***

Excerpt from Heroes Ever Die by JA Crawford. Copyright 2022 by JA Crawford. Reproduced with permission from CamCat Books. All rights reserved.

 

Author Bio:

Born near Detroit, J. A. Crawford wanted to grow up to be a superhero, before he found out it was more of a hobby. He’s the first in his family to escape the factory line for college. Too chicken to major in writing, he studied Criminal Justice at Wayne State University instead, specializing in criminal procedure and interrogation.

Despite what his family thinks, J. A. is not a spy. When he isn’t writing, he travels the country investigating disaster sites. Before that, he taught Criminal Justice, Montessori Kindergarten, and several martial arts. J. A. is an alum of the Pitch Wars program. In his spare time, he avoids carbohydrates and as many punches as possible.

He loves the stories behind the stories and finds everything under the sun entirely too interesting. J. A. splits his time between Michigan and California. He is married to his first and biggest fan, who is not allowed to bring home any more pets.

Catch Up With J. A. Crawford:
JACrawford.net
Instagram - @josephoforb
Twitter - @josephoforb
Facebook - @jacrawfordoforb
TikTok - @josephoforb

 

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I received a complimentary digital copy of this book through Partners in Crime Book Tours. My comments are an independent and honest review. The rest of the copy of this post was provided by Partners in Crime Book Tours.

(My star ratings: 5-I love it, 4-I like it, 3-It's OK, 2-I don't like it, 1-I hate it.)

Saturday, August 13, 2022

Endangered Refuge by Sherri Wilson Johnson Blog Tour and Giveaway


About the Book

Book: Endangered Refuge

Author: Sherri Wilson Johnson

Genre: Christian Contemporary Romantic Suspense

Release date: August 2, 2022

He wants to protect her. She wants to protect him. A powerful man with dark secrets may kill them both.

Undercover U.S. Fish and Wildlife Special Agent Dallas Heath has infiltrated one of the largest big cat illegal trading rings in the States. Now he must unearth vital evidence to bring down kingpin Mitchell Avery before the next litter of cubs crosses state lines. Multiple failed attempts have cost Dallas time and progress, and now he’s threatened with being pulled off the case. The clock is ticking for this seasoned officer. It doesn’t help that a life which includes deception and being apart from the only woman he’s ever loved makes him doubt if undercover work is for him.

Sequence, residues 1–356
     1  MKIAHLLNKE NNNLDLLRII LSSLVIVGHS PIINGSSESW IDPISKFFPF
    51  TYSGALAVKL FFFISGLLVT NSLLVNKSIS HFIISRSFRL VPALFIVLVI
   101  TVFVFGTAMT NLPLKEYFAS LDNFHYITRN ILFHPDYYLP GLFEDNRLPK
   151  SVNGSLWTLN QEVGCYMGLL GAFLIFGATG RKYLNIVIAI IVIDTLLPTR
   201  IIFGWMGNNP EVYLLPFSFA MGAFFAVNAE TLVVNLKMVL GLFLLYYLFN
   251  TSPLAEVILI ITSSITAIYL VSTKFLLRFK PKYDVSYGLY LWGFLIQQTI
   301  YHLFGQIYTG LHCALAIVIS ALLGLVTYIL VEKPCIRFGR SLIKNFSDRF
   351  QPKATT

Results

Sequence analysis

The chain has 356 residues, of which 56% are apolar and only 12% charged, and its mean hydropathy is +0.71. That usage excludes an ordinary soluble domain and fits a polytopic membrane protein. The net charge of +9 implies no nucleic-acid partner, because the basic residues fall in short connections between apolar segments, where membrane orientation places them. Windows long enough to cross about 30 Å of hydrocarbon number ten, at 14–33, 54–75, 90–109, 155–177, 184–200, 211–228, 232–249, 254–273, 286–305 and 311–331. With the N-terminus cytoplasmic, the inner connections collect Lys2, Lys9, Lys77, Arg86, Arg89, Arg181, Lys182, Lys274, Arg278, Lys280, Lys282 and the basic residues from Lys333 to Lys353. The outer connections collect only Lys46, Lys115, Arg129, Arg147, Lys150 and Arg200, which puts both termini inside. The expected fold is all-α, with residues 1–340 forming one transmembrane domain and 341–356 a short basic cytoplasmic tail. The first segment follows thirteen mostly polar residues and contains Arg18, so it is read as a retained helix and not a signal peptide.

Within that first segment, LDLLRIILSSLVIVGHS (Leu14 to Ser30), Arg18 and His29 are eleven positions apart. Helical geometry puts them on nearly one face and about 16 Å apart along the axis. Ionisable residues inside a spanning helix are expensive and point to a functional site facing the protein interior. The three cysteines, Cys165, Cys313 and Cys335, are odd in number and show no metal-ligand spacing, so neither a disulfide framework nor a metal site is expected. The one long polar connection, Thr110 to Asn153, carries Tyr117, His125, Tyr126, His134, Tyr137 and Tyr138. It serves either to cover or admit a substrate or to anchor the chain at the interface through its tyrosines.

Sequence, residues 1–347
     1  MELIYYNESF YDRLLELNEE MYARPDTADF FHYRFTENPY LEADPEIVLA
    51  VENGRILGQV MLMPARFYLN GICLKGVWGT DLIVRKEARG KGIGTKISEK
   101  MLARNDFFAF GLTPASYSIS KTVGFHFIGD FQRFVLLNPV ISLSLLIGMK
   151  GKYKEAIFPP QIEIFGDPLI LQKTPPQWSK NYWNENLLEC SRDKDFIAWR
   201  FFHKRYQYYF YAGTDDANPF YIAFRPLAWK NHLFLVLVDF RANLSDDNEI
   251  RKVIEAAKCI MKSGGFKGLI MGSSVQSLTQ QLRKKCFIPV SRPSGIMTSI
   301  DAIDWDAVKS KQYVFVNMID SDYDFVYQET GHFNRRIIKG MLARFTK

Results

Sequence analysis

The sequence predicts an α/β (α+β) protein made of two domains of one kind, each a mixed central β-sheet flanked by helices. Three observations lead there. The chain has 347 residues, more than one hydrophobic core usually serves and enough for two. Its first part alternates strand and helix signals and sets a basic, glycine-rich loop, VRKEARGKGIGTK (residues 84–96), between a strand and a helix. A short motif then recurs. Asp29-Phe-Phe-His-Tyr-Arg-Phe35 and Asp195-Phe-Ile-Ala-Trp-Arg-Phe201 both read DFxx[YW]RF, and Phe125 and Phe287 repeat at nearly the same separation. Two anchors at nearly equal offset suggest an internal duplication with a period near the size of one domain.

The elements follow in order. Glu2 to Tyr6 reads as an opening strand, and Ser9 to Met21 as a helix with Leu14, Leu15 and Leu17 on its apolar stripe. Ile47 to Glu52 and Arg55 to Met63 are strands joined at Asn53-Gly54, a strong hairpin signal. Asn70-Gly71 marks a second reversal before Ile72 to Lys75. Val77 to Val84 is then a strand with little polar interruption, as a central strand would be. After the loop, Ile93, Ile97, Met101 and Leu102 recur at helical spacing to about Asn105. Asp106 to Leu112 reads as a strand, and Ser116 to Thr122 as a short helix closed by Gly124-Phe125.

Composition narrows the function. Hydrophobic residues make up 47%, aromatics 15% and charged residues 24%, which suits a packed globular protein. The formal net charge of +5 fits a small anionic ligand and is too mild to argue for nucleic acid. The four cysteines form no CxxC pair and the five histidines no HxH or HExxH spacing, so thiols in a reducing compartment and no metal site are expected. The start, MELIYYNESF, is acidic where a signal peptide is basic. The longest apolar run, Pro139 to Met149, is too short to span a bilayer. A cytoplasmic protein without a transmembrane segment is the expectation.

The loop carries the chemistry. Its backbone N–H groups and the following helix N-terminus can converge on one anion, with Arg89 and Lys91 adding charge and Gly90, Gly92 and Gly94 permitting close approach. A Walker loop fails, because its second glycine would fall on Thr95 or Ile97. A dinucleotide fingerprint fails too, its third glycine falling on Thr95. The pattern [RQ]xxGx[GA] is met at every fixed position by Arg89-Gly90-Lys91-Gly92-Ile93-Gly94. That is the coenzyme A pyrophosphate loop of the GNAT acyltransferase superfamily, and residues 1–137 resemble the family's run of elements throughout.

Special Agent Elyse Bradford has spent the last three months undercover living next door to Mitchell Avery posing as a woman of great means and vying for an invite to one of his big cat auctions, to which only the most serious and authenticated buyers are invited. If only she could confide in her best friend and fellow agent Dallas, maybe he could help her devise a plan before her cover is blown.

If they’d been assigned to work the case together, they’d have already brought Avery’s organization down. But Dallas is working undercover somewhere too. Since they can’t share the details of their missions or their locations with each other, the former partners—torn apart by assignments too many times—must find another way.

After a strange twist of events propels them together again, hope’s flame flickers…until word spreads of a mole—either in Avery’s organization or within the USFWS. And now neither one knows who to trust. Can they even trust each other when they’ve been apart for so many years?

On a backdrop of Mobile Bay on the Gulf coast, Dallas and Elyse fight to save endangered tigers, keep their covers intact and bring down an enemy whose reach is far beyond what anyone imagined. After tensions rise and tempers flare—coupled with lies and manipulation from all around—they could lose everything they’ve worked for. Including each other.

Will they succeed on their mission without ripping apart their shot at a future together?

Click here to get your copy!

My Review 

This is a romantic suspense novel with at least one deeply flawed hero. Elyse is the heroine as she and Dallas are undercover agents working to capture the man selling exotic animals in a black market setting. She is an odd agent. She frequently disobeys orders. She carries her real identification in her purse. “She hadn't been thinking, really.” (1471/3315) She uses Dallas' real name in the presence of another. She is stubborn and impulsive and makes mistakes. “She's really messed up this time.” (1085/3315) At one point, Dallas says to her, “Elyse, think like an agent, not like a woman, okay?” (2347/3315) I prefer capable heroines and did not find her a likable character.

The romance in this romantic suspense is a workplace one. Their behavior toward each other during their undercover work was often potentially harmful to the investigation. They would frequently talk, mention they were agents and use their real names in situations where someone could easily walk up and overhear. Their inappropriate conversation was overheard one time.